If the existing set of leaders are all, um, highly ego, um, you know, value certain things. What we know about human psychology it’s called the affinity bias is that people will choose. Um, they will essentially self-replicate, they will choose successes who look and smell like them. And so the real risk or danger is that if you’ve got an existing set of perhaps quite high ego leaders, is chances are that, that for, for a set, for a set of reasons, including that people self-replicate, but also that the candidates for leadership will look up above them and the low ego ones will go.

Oh, well, there’s no point in me trying to be a leader around here because when I look up above me, the only people who are in positions of power are high, he goes, so either I need to change and stop being low ego, or I need to go somewhere else and try and be a leader where my low ego tendencies are, are not going to be punished.

So the cell replication that we very often see in organizations around leadership and who gets promoted typically means. It’s quite hard to break the vicious circle of high ego leaders. But assuming that you can then, then yeah, your, your job as a leader is, is, is to create this next generation who can understand what good leadership looks like.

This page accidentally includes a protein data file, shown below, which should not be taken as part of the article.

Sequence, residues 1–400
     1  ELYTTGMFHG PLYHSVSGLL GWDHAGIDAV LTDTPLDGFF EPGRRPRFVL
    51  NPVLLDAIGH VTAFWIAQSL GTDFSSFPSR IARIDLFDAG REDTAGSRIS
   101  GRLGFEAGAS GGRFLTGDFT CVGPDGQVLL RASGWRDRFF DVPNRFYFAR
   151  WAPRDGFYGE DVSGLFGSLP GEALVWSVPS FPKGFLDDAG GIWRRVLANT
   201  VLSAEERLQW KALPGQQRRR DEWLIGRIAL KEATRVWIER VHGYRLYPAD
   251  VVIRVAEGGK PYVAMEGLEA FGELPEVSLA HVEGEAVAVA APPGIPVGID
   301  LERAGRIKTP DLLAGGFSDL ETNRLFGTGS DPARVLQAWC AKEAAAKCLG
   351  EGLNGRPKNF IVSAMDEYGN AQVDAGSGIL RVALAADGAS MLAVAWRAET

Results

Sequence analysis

Who’ve been taught and coached about how to do it well. Um, because, because then it becomes, you know, you just cascade that down. So.

Naji Gehchan: Before you jump, make it to the autonomy piece, because it’s a very important one. You talked about affinity bias, self replication. Um, and I want to extend that even more.

It’s something I constantly have in my mind, try this. At some point, I remember very early in my career, someone told me, usually we recruit our clones, which I hate, you know what I think about it. Yeah. Especially when we think about diversity equity inclusion, right? So. Yeah. So this circle that we need to break on high ego, it’s the same that we need to break on.

Man. Women do diversity ethnicities. How do you consciously and intentionally look into those unconscious biases and every recruitment I make with the teams and the things specific you’ve seen and been successful on breaking this vicious circle last week.